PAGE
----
Still, I think Ms. Dowd went over the line, especially with the “moneychangers” comment. Her veiled or not so veiled recalls of Jewish stereotypes are hurtful and gratuitous. I agree with Rabbi Brad that these comments are also indicative of how deeply certain anti-Semitic stereotypes are rooted in Christian discourse. Yet Ms. Dowd is known for pugnacious journalism. The best anyone can do is ignore her or challenge her in editorials. Fuming at her provocative statements is counterproductive.

  • Eytan

    Dowd, Blankfien, etc. who really cares about these people? How talking about them will make us better people today? How does it bring us closer to Hashem? It doesn’t!
    Let’s focus on what really counts my friends.

  • Jordan Hirsch

    The comparison of Goldman Sachs to blood sucking vampires was not Dowd’s originally, it was from a piece about them by Matt Taibbi that ran in Rolling Stone.
    Look, it’s not necessary for Dowd or anyone else for that matter to be Anti-Semitic for them to use Anti Semitic imagery. And it is not hysterical for us to point it out. Sensitizing others to language or behavior that even unwittingly can be hurtful or create a dangerous atmosphere is merely acting like a friend.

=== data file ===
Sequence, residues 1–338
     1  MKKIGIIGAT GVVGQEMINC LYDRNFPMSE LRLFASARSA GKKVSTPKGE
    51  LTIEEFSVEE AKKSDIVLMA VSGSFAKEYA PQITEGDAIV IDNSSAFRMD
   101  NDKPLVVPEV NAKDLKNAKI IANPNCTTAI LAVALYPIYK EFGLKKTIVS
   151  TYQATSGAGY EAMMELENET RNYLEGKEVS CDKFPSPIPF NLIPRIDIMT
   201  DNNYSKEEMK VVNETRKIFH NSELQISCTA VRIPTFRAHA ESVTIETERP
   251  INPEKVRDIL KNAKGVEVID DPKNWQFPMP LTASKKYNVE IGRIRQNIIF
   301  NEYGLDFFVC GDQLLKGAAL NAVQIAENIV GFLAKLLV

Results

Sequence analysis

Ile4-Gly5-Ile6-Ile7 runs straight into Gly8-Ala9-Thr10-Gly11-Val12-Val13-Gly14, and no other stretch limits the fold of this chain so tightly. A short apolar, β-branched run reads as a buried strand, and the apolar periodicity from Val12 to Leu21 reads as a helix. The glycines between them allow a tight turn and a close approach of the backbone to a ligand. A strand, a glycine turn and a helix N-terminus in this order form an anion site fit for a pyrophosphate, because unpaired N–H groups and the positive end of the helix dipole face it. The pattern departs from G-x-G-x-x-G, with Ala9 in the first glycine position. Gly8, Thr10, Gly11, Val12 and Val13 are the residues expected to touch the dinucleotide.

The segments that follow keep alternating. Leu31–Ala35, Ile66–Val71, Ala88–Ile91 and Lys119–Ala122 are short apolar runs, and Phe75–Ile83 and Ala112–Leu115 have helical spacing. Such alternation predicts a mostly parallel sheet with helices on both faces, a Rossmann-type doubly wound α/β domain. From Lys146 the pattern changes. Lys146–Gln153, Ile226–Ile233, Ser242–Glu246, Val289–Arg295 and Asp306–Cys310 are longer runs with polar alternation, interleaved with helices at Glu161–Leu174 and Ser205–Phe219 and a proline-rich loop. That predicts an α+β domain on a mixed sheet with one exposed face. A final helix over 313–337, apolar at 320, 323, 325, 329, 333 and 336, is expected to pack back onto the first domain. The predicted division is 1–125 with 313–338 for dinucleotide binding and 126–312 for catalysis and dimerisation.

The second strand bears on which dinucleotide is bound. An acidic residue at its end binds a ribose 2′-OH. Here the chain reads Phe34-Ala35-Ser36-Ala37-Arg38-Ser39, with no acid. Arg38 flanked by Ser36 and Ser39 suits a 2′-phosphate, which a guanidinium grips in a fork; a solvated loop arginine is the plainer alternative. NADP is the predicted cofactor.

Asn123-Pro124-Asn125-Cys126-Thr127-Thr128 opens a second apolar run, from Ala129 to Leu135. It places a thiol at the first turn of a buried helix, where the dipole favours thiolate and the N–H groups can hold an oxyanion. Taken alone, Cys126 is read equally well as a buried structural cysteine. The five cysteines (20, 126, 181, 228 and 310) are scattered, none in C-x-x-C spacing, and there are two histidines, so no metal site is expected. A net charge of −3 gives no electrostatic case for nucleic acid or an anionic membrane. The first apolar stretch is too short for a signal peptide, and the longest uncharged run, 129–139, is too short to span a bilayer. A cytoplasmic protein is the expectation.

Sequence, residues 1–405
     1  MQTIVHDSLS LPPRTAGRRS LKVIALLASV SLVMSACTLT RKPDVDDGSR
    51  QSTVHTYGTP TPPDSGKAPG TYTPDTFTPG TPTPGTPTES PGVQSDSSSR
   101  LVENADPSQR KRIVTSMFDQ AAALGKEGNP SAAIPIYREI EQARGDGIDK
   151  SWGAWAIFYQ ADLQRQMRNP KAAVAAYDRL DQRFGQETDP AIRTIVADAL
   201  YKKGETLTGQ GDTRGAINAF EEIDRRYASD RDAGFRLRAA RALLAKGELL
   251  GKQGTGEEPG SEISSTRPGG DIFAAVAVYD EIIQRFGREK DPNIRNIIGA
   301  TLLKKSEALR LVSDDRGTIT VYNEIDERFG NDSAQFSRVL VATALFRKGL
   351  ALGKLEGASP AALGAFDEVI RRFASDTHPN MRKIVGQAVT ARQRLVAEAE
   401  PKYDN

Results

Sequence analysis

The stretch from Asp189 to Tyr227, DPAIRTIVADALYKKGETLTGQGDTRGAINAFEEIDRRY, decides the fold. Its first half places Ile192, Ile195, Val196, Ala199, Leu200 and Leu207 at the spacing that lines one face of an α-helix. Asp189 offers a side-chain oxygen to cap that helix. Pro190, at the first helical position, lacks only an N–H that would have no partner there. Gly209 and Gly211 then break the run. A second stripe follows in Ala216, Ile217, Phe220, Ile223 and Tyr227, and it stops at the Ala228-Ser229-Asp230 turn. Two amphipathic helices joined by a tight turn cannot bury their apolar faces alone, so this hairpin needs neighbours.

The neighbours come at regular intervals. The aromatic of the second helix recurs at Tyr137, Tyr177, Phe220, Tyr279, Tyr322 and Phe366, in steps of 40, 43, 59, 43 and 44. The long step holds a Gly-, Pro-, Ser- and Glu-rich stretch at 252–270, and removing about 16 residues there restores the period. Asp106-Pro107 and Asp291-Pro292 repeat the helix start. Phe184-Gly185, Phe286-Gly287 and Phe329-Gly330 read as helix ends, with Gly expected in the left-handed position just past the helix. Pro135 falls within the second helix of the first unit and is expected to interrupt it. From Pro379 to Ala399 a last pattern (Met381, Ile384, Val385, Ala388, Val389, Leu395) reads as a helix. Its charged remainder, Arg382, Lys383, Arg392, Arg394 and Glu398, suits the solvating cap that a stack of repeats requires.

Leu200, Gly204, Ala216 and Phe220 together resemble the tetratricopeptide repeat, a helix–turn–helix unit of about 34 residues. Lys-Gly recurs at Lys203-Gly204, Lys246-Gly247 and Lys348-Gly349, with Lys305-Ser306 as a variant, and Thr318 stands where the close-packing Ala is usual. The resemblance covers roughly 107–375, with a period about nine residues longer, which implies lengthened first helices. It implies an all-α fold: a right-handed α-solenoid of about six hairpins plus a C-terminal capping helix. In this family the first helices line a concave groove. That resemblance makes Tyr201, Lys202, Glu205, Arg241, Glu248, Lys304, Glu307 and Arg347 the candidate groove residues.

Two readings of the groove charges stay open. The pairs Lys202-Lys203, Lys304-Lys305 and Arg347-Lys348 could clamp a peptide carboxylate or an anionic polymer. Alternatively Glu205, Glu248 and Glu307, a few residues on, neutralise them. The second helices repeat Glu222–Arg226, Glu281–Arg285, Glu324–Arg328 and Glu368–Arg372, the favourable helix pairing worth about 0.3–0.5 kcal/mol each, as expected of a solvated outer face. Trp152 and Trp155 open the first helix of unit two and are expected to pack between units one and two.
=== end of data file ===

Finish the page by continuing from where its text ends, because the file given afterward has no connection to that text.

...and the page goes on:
• Josh

    Good Lord. The lady refers to the self-interested, which is an understatement to say the very least, and from the conversation here you would think she was plotting the Holocaust. The whole world does not, believe it or not, revolve around Jews–but if your world does, why not find a way to turn the comment into a positive rather than all this self-important hysteria?

  • terry m

    hate to say it, but Jewish readers ought to consider that Ms. Dowd was (is) an Irish Catholic, and as such, her reading of the New Testament would have centered a lot less on Jews than on Christian teachings. as an Irish catholic myself, i can say that Jewish culture is fairly remote – yes, our passion story had the jews as stock enemies, but it wasn’t taken seriously or with real venom.

  • Gil